Who is Jordan Peterson?
Jordan Peterson has 12 Rules for Life, but you can tell most about the man from two of them.
Rule six: set your house in order before you criticise the world.
And rule eight: tell the truth. Or at least don't lie.
The clinical psychologist and University of Toronto professor is often described as a "provocateur", most recently and most controversially by Channel 4 News presenter Cathy Newman. But it's clear Jordan Peterson believes he is right when he says the "so-called" oppression of the patriarchy is an "imperfect attempt" by men and women to free each other from privation, Nelson from The Simpson's mother is a "thoughtless slut", children need discipline, and parents should come in pairs.
His bestselling novel 12 Rules for Life: An Antidote to Chaos contains many far more useful and far less controversial tips: interrogate your own dreams, stand up for yourself, stop striving for happiness because it will never, ever make you happy, and watch an episode of The Simpsons at one-and-a-half time the normal speed if you want a quick pick-me-up.
But those aren't the ones that captivated social media, or the reason the New York Times labelled Peterson the "most influential public intellectual in the Western world right now".
Before he became a star novelist, Peterson was a YouTube star – and before he became a YouTube star, he was a Quora one, developing a degree of internet infamy thanks to his answers on the Q&A website.
The origin of Peterson's book came from an answer on that very site to the question: 'What are the most valuable things everyone should know?' His answer listed pronouncements that didn't make it into the final list of rules, including 'work as hard as you possibly can on at least one thing and see what happens' and 'dress like the person you want to be'.
Is Jordan Peterson right wing?
Peterson addresses the question of whether he is right wing in his book, saying many of his beliefs – such as the way wealth is currently distributed is unfair – could easily be viewed as leftist.
But he vehemently rejects Marxist ideology, which he believes is discredited. In a recently uploaded YouTube interview, he said if he ran for office it would be for Canada's liberal party, currently led by Justin Trudeau, but he considers himself to be philosophical rather than political.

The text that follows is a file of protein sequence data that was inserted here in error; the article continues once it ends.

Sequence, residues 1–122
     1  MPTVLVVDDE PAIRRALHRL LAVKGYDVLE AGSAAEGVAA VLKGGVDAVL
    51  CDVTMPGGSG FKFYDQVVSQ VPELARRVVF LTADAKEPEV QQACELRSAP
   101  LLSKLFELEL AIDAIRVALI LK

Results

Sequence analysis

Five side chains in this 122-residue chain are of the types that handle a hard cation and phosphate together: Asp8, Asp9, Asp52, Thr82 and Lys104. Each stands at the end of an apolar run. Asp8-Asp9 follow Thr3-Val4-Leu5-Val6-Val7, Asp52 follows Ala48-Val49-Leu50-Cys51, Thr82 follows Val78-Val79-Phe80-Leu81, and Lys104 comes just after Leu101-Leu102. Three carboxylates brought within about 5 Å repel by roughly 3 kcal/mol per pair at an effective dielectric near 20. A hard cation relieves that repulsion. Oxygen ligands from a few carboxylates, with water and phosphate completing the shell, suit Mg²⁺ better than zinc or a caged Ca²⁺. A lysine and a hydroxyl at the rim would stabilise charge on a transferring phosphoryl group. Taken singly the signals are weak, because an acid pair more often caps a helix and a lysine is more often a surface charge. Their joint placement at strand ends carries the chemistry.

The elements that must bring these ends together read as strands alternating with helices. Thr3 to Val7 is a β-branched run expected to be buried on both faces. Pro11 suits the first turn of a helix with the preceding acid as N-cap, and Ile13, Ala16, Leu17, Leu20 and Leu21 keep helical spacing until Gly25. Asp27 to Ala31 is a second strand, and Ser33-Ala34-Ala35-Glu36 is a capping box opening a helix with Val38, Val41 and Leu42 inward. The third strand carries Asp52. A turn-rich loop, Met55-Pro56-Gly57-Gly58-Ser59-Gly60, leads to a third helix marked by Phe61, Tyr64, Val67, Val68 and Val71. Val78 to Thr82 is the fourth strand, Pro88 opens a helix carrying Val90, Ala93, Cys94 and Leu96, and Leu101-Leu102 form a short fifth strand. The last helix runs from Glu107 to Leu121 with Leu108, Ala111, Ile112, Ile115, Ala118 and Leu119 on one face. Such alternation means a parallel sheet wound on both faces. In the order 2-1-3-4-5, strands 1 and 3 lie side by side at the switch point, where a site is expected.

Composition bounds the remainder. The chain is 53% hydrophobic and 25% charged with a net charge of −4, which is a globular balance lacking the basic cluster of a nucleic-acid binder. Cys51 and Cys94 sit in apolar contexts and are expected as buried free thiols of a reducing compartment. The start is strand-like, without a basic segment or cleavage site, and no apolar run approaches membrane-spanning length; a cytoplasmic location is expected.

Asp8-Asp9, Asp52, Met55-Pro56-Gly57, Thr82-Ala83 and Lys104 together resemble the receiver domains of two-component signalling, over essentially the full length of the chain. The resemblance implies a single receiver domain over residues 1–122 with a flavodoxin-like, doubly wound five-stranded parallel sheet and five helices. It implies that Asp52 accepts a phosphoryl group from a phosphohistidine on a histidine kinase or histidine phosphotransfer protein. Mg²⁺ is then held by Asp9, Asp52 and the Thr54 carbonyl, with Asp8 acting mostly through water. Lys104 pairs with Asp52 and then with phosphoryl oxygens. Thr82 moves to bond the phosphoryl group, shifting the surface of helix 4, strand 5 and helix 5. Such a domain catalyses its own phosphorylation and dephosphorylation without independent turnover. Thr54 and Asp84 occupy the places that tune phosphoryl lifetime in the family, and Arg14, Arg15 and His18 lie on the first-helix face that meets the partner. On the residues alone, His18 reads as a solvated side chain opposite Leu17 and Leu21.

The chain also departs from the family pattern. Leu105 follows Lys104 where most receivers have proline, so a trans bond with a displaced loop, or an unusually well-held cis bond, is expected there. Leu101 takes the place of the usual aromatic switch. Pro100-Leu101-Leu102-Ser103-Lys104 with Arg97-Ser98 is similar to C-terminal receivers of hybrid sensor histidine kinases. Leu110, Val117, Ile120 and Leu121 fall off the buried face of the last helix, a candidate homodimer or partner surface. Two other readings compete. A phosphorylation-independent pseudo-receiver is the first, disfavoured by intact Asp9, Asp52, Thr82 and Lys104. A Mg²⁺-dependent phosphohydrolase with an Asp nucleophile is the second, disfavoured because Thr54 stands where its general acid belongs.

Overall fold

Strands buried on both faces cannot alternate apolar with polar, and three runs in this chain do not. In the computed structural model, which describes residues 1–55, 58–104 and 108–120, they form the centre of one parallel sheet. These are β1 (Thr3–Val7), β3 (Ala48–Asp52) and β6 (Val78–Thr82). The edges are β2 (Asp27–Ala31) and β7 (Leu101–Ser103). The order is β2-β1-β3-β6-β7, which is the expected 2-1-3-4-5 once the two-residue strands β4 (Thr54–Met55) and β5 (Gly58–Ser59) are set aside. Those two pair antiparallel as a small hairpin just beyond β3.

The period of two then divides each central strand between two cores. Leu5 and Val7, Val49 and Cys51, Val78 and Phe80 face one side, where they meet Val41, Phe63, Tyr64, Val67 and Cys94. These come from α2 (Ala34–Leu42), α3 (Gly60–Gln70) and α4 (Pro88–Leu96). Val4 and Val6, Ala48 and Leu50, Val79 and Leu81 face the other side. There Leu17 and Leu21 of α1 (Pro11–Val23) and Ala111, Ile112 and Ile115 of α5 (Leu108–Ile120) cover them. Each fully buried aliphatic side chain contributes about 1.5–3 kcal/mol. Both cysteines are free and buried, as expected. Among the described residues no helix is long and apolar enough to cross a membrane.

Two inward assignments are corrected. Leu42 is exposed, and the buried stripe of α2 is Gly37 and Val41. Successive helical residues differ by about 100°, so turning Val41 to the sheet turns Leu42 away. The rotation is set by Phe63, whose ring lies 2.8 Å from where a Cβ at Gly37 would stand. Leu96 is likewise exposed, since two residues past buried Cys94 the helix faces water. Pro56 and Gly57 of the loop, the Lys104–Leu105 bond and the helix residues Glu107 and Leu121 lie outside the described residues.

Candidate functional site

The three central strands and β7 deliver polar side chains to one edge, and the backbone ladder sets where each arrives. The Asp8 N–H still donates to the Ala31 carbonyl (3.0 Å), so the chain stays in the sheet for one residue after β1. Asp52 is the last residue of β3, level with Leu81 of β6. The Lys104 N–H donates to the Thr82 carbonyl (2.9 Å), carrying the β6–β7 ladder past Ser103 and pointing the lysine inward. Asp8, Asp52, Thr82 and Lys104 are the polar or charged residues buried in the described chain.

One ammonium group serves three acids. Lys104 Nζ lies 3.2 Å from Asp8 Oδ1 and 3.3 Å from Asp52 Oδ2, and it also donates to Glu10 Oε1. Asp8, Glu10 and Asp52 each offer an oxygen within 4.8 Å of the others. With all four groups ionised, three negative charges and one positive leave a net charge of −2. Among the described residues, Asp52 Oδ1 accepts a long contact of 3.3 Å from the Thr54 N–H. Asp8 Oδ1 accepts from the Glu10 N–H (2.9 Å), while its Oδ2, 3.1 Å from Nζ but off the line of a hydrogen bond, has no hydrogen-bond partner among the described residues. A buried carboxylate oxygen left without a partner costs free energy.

If anything Peterson is a small-c conservative, espousing the benefits of "stable, loving relationships" and two-parents, biological families while rejecting legislation on gender neutral pronouns.
Why do alt-right people like Jordan Peterson's views?
Peterson became a cult hero for the alt-right after speaking out against the "tyranny" of political correctness, with notorious anti-feminist internet forum The Red Pill lauding him for "melting the snowfalkes".
In his now infamous Channel 4 News interview he compared trans activists with Chairman Mao, arguing:
The philosophy that drives their utterances is this same philosophy that already has driven us to the deaths of millions of people.
Left wing media outlets have described Peterson as alt-right because he has argued men have protected women throughout history, rather than oppressed them, and gender is not socially constructed.
That doesn't mean their analysis is correct. Confronted about his alt-right supporters in a YouTube video, Peterson spoke out against polarisation, saying:
What I try to recommend to people is they find someone they don't agree with and have a conversation with them.
What is Jordan Peterson's opinion on so-called social justice warriors?
12 Rules for Life is part self-help book, part manifesto.
In one part of 12 Rules, Peterson explains his theory that what he believes to be the feminisation of society is actually causing the recent resurgence of the right wing in Europe and the rise of Donald Trump in America, arguing:
When softness and harmless become the only consciously acceptable virtues, then hardness and dominance will start to exert an unconscious fascination.
Partly what this means for the future is that if men are pushed too hard to feminize they will become more and more interested in harsh, fascist political ideology.
What do academics think of Jordan Peterson's theories?
Peterson's argument that left wing university courses which espouse Marxism should lose state funding is unlikely to endear him to colleagues.
Political science David Tabachnick argues Peterson is unique not because what he says is that new or original – but because of his ability to tap into "fear, resentment and frustration" through his social media presence.
"He has harnessed the same emotional power that propelled Donald Trump to the presidency in the United States," Tabachnick writes in The Conversation. "Like many social media stars before him, Peterson will eventually fade from the scene Yet the underlying foundation of his popularity will remain and another person will easily fill his place."